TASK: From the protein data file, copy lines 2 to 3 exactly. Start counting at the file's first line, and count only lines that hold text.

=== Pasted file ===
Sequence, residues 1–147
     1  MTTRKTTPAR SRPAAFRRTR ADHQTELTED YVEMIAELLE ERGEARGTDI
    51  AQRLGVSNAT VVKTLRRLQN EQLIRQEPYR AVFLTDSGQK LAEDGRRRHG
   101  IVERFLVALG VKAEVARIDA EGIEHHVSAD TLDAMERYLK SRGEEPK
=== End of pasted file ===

     1  MTTRKTTPAR SRPAAFRRTR ADHQTELTED YVEMIAELLE ERGEARGTDI
    51  AQRLGVSNAT VVKTLRRLQN EQLIRQEPYR AVFLTDSGQK LAEDGRRRHG